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Legislating Elightenment

Here’s a follow-up to a sent item form yesterday. This was from another very nice and upstanding member of our small community whose company I always enjoy quite enthusiastically.

I understand the point of view that compassion and respect cannot and should not be legislated–that’s what I hear lies at the heart of your response, yes?

Yes; they cannot. Compassion, respect, appreciation, understanding, enlightenment, empathy, et al; these and other — some would say ‘virtuous’ — attributes can’t be legislated. The law can only effect one thing: compliance. To wax metaphorical, legislation can’t offer heaven, it can only threaten hell.

And of course that’s precisely why the laws and ordinances are needed: to ensure that folks who would otherwise be ignored or who have historically been marginalized or in some other way "disenfranchised" or dehumanized so that others DON’T feel compassion, understanding, or respect toward them, can participate fully.

Right. We’re not talking about compassion, respect, understanding,
education, or anything like that. We’re talking about force,
compulsion, penalties, and so on. We’re also talking about the transfer
of assets from some to benefit others, also backed by threat of force.

One clarification: such laws and ordinances are perceived as "needed" by some and are typically paid for (via compulsion) in part by others who perceive no such need.

I.e.,
I’m passionately in favor of legislation that provides for the
possibility of inclusion and participation by historically marginalized
folks. And yep, I think the availability of handicapped accessible
parking spots is a good step in that direction.

I’m passionately in favor of Enlightenment,
which naturally subsumes all these compassionate, inclusive, diverse
things we’re talking about. You can’t legislate that either. All the
guns, fists, clubs, jails, execution chambers, fines, levies, seizures,
judgments, legislatures, courts, judges, kings, presidents, laws,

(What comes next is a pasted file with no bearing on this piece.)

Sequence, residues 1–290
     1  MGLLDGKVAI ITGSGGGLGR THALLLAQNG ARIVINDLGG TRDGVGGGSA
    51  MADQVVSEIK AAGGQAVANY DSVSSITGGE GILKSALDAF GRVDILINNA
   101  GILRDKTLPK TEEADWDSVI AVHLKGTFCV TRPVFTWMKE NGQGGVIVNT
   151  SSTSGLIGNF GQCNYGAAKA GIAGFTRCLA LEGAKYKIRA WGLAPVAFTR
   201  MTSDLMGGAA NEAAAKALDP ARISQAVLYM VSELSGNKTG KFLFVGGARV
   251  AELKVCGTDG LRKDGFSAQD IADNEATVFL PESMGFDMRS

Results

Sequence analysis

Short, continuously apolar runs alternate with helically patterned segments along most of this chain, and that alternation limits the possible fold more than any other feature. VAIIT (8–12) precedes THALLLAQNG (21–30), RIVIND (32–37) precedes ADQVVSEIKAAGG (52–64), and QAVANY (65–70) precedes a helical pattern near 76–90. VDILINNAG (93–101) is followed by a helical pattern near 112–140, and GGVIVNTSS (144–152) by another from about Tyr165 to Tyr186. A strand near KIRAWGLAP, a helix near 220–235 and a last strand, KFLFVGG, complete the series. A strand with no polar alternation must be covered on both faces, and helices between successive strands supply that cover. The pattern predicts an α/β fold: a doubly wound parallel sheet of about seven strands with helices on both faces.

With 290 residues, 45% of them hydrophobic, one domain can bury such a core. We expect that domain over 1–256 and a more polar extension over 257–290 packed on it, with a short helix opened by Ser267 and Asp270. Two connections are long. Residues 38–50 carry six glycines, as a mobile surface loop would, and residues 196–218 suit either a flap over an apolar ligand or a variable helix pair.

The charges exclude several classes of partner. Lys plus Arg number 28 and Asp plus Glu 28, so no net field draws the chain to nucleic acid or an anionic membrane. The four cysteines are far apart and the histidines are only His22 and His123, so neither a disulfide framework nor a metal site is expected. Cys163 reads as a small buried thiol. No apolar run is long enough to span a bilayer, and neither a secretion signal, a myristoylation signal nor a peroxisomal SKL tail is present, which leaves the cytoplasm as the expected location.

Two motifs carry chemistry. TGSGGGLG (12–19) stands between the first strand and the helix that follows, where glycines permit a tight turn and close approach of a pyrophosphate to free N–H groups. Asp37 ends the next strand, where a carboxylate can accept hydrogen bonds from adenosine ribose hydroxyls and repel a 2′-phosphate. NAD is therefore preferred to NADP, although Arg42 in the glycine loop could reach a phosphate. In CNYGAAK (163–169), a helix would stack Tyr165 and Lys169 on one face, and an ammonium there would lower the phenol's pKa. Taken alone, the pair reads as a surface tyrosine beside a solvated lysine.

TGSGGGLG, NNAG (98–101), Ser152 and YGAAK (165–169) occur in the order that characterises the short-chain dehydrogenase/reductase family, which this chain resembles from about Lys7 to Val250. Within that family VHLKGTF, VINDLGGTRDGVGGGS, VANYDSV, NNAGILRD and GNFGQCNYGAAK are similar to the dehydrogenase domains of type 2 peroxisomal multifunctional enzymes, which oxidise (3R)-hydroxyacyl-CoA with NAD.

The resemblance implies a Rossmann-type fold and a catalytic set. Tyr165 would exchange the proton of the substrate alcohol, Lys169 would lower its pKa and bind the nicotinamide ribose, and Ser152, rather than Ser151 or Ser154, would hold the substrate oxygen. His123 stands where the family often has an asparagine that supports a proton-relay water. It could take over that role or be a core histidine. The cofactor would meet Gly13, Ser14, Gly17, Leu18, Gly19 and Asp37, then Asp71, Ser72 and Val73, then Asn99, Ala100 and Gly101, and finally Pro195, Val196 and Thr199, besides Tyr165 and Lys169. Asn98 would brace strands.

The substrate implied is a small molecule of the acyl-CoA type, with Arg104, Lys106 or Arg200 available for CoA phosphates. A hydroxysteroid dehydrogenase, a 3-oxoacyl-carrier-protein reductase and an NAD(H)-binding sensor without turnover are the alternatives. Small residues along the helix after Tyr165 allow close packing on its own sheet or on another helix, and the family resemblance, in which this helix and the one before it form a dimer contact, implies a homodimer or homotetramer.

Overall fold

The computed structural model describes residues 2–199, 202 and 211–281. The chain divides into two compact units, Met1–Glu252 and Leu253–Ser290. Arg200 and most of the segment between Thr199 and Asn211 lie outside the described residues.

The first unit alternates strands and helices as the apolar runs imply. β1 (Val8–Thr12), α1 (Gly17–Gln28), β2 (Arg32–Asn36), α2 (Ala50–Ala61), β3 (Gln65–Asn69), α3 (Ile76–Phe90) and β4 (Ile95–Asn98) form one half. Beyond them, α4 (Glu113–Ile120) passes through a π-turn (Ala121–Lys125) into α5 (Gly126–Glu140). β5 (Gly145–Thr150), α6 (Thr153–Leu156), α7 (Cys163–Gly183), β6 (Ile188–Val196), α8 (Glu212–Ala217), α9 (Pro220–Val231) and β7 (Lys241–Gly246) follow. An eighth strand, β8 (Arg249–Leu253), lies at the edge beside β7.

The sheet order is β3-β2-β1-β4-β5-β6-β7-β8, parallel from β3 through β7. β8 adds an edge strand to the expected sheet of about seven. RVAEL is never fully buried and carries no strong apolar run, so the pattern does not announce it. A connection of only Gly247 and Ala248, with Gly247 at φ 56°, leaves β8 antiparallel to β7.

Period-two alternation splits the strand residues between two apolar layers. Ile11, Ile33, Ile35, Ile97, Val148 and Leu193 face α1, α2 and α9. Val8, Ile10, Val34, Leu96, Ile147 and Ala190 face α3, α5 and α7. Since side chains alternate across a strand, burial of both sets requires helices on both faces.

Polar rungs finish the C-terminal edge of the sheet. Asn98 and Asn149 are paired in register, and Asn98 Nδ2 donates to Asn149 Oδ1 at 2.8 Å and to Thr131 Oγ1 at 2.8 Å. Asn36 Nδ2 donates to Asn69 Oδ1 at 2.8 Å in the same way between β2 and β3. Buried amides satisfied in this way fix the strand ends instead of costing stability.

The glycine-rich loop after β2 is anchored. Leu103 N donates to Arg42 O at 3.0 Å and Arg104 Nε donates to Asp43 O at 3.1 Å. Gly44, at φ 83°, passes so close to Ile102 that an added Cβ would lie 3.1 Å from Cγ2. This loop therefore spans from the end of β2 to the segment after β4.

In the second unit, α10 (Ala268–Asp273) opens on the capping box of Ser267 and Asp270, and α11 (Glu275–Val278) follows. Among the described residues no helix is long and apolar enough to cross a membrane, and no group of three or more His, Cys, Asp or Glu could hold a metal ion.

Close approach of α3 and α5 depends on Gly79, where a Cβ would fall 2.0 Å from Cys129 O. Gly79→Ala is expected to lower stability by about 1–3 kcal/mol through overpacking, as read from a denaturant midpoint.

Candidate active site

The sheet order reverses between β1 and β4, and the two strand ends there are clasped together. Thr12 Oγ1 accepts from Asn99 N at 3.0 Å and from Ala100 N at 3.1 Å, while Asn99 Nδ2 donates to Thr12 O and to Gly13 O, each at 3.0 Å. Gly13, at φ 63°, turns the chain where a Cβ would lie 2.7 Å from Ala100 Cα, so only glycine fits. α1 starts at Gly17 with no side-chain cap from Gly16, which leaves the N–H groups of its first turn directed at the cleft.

ordinances, statutes, declarations, constitutions, amendments,
subpoenas, election days, and voting booths  in the world cannot compel
enlightenment. They can only compel. As George Washington stated: "government is force." That’s all it is; and I contend — will forever contend — that forced compliance never delivers anything but submission.

I don’t have a problem with handicapped parking, wheelchair ramps,
or sinks no more than 36" high, or whatever. These are all good things.
But who among us cannot identify hundreds, if not thousands of things
that would be good for them, but that are not necessarily accessible?

I just want to be clear about what we are "achieving," and it’s not
compassion (resentment, more likely) or respect (which is earned, even
for those with handicaps) or Enlightenment (which begins by rejecting force and coercion to achieve "noble" ends).

In
truth, I believe that such laws and ordinances can change the life
experience of those who have had the unearned privileges all
along–such as the (temporarily) able-bodied–and that by changing
those life experiences, the laws can actually encourage the growth of
awareness, compassion, empathy, understanding, and care.

Yep.
If you force an animal (even rational animals) long enough you’ll
modify behavior. You could perhaps even condition behavior to the
extent that it’s seemingly "from the heart."

I’m reminded of a line from Christopher Hitchens in his newest book, God is not Great: "False comfort is no comfort."

So I cannot be comforted by mere behavior that mimics a trait
I wish humanity would develop out of Enlightenment. For me, everything
else is just a fraud (and a very expensive one).

Richard Nikoley

I'm Richard Nikoley. Free The Animal began in 2003 and as of 2021, contains 5,000 posts. I blog what I wish...from health, diet, and food to travel and lifestyle; to politics, social antagonism, expat-living location and time independent—while you sleep—income. I celebrate the audacity and hubris to live by your own exclusive authority and take your own chances. Read More

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